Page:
One of the most astonishing things about "Spider-Man: Across the Spider-Verse" is that the filmmakers, through some sort of miraculous, creative happenstance, remembered that animation is an unlimited medium. There is a tendency among certain well-regarded animation studios (cough Disney cough), to push its animation style and character designs over to a very specific place. It's rare in, say, "Frozen," for scenes to dip into the abstract, or for characters to look genuinely striking and odd. In Disney films, especially the CGI animated ones, the characters tend to be like puppets. They can only squash and stretch so far, and they will never be off-model.
The characters in "Across the Spider-Verse" meanwhile, all seem to have emerged from their own private universes — which, by the premise's dictates, they did. There is a character who looks like a drawing out of Leonardo da Vinci's notebooks. Another seems to be physically constructed of punk rock band flyers. Some seem to be solid. Others flicker into abstract shapes when interdimensional apertures infect their bodies. Some are live-action, even. Throw all these characters into a fight scene, and reality breaks open, and the audience's eyes are flooded with shapes and colors the likes of which are rarely seen in mainstream animation.
But it's not just the swirling scenes of superhero mayhem and interdimensional travel that are dazzling. "Across the Spider-Verse" does slow down from time to time so that characters may quietly converse and take a rest from chases and fistfights. And even during these scenes, the colors and backgrounds are amazing to behold.
One of the main characters in "Across the Spider-Verse" is Gwen Stacy (Hailee Steinfeld), the designated Spider-Person from her dimension. Like many of the other Spider-People, she keeps her superheroine identity hidden from her family, hoping that her police chief dad (Shea Whigham) won't ever find out. Her dad, of course, is suspicious of the mysterious Spider-Woman galavanting around New York, and dreams of arresting her one day. This is certainly not conducive to Gwen revealing herself.
Due to the circumstances of the film, however, Gwen will eventually have to remove her mask in front of her dad, causing intense familial strife. It will take most of the film before the two can confront each other and have a conversation about law enforcement and vigilante justice.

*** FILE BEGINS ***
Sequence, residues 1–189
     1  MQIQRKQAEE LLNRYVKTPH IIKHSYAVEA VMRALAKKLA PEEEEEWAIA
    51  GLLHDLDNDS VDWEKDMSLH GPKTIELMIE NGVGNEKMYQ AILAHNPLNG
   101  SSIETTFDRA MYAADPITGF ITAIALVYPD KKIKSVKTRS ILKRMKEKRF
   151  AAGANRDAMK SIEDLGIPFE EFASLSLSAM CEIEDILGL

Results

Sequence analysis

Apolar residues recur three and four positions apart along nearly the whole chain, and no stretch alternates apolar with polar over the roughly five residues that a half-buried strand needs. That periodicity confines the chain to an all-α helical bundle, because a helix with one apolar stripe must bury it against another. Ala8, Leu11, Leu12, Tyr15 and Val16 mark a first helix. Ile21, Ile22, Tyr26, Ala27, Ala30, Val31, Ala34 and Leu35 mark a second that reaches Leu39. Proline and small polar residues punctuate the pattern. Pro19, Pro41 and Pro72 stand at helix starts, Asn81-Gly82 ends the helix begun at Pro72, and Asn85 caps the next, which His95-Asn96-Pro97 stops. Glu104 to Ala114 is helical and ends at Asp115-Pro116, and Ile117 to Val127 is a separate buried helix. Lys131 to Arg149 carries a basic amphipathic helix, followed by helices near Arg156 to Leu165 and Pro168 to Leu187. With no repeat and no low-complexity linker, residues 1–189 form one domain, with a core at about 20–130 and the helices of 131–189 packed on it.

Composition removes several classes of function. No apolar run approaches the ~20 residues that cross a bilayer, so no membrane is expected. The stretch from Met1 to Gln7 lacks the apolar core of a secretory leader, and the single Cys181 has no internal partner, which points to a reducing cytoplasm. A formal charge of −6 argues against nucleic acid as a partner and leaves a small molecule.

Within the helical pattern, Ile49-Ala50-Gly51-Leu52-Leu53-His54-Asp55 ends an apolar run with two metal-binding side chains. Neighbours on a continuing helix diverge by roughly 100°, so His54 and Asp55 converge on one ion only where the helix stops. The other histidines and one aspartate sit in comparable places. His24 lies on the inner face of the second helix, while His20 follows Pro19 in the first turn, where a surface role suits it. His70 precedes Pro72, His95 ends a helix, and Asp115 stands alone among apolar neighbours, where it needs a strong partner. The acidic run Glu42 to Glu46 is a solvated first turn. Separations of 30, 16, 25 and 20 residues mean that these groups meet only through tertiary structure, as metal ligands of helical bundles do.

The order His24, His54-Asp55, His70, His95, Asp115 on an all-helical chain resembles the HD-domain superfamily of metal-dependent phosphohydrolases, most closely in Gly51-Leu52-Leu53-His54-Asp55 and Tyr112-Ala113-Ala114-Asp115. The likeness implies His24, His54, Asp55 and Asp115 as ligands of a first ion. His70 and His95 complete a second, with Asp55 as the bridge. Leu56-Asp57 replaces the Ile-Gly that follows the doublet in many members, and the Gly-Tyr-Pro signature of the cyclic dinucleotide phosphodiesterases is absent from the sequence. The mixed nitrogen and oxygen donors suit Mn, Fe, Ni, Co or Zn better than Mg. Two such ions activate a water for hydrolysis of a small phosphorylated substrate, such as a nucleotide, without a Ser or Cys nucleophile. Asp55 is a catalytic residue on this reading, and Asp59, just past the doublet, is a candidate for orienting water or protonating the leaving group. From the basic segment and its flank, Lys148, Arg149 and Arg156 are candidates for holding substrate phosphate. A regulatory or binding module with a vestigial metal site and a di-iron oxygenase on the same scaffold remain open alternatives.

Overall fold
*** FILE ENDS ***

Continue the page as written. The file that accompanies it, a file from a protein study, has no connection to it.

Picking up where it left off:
The scene where Gwen and her dad converse takes place in a New York apartment, and a plain one at that — this isn't an oversized New York apartment like on "Friends," but an average, a rather small domicile in a Brooklyn high-rise. The filmmakers, however — wanting to add stronger moods to the scene — allow the backgrounds to melt away and become a wash of watercolor-like vistas. One can still see the walls of the apartment through the colors, but it looks like the characters are surrounded by pink, purple, and blue tapestries. The walls change moods like a mood ring. As the emotional beats of the scene progress, the colors shift to match. The emotions are so large in "Across the Spider-Verse" that reality itself alters.
The Beauty Of The Mundane
Earlier in the film, Gwen has a conversation with Miles Morales (Shameik Moore), a close friend and the Spider-Man from a neighboring dimension. They mutually lament their outsider status as Spider-People, bemoaning that they are unable to reveal their secret identities to their families. They also flirt a little bit, as Miles is clearly very attracted to Gwen. The scene, naturally, takes place on a quiet, remote rooftop that looks out onto a distant downtown Manhattan. While other movies might well have staged a similarly romantic scene on a rooftop, "Across the Spider-Verse" ups the ante by flipping everything upside down. Since both Gwen and Miles can stick to walls and ceilings with their Spider-Powers, there's no reason why they can't sit on the underside of a buttress and lean on each other.
The scene is calm and lovely but also offers a perspective on the world that only these characters can have. The world is upside down to them, and only to them. And they're comfortable with that. It's a typical romantic scene made beautiful by the mechanics of the Spider-Verse.
One might hope other animators are looking to "Across the Spider-Verse" and becoming inspired to up their game. Too many animated movies have perhaps become too enamored of realism to really stretch creatively, presenting unusual character designs or bonkers set pieces that can't exist in reality. The "Spider-Verse" films remind filmmakers that anything is possible, and adhering to the rules of gravity and physics is, at the end of the day, a mere obstruction. Abandon reality, and beauty can be discovered.
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